- Methodology article
- Open Access
Microarray analysis of defined Mycobacterium tuberculosis populations using RNA amplification strategies
BMC Genomics volume 9, Article number: 94 (2008)
The amplification of bacterial RNA is required if complex host-pathogen interactions are to be studied where the recovery of bacterial RNA is limited. Here, using a whole genome Mycobacterium tuberculosis microarray to measure cross-genome representation of amplified mRNA populations, we have investigated two approaches to RNA amplification using different priming strategies. The first using oligo-dT primers after polyadenylation of the bacterial RNA, the second using a set of mycobacterial amplification-directed primers both linked to T7 polymerase in vitro run off transcription.
The reproducibility, sensitivity, and the representational bias introduced by these amplification systems were examined by contrasting expression profiles of the amplified products from inputs of 500, 50 and 5 ng total M. tuberculosis RNA with unamplified RNA from the same source. In addition, as a direct measure of the effectiveness of bacterial amplification for identifying biologically relevant changes in gene expression, a model M. tuberculosis system of microaerophilic growth and non-replicating persistence was used to assess the capability of amplified RNA microarray comparisons. Mycobacterial RNA was reproducibly amplified using both methods from as little as 5 ng total RNA (~equivalent to 2 × 105 bacilli). Differential gene expression patterns observed with unamplified RNA in the switch from aerobic to microaerophilic growth were also reflected in the amplified expression profiles using both methods.
Here we describe two reproducible methods of bacterial RNA amplification that will allow previously intractable host-pathogen interactions during bacterial infection to be explored at the whole genome level by RNA profiling.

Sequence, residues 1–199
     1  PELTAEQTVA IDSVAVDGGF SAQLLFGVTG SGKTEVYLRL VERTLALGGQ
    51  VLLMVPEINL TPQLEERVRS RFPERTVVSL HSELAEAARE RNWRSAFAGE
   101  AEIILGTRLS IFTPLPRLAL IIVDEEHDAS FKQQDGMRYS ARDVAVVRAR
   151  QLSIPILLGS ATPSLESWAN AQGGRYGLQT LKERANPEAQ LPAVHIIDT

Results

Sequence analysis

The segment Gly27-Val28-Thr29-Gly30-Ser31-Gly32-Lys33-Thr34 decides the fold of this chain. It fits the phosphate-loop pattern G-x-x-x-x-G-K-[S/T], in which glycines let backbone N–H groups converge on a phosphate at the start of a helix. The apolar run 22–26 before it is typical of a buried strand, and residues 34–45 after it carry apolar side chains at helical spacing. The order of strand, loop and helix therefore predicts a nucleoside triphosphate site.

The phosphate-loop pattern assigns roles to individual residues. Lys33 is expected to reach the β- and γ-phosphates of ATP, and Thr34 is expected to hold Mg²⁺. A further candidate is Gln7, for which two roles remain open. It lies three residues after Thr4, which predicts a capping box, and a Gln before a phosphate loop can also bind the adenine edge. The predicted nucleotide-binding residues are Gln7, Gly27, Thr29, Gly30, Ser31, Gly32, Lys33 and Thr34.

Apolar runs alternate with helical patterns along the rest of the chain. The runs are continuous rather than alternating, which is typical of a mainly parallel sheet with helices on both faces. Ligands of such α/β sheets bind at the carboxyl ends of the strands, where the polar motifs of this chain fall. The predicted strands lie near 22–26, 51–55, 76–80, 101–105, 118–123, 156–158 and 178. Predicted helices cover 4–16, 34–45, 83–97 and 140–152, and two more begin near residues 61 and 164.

The application of bacterial transcriptomics to complex biological situations is currently hampered by the low amounts of bacterial RNA available after purification from in vitro and in vivo models of infection. In contrast to eukaryotic mRNA, techniques to amplify bacterial RNA for use in microarray analyses have not been available until recently, and crucially have not been evaluated for M. tuberculosis in well characterised models in which differential gene expression is well described and validated. Many of the established eukaryotic amplification strategies have been based on the Eberwine method of in vitro transcription with T7 RNA polymerase using oligo-dT primers to selectively amplify eukaryotic mRNA containing poly-A tails . However due to the limited poly-adenylation of bacterial transcripts , this technique is not suitable for amplifying bacterial RNA . Lately a number of methods based on the Eberwine T7-transcription system have been adapted for bacterial RNA amplification using either oligo-dT [4–7] or random [8, 9] priming approaches.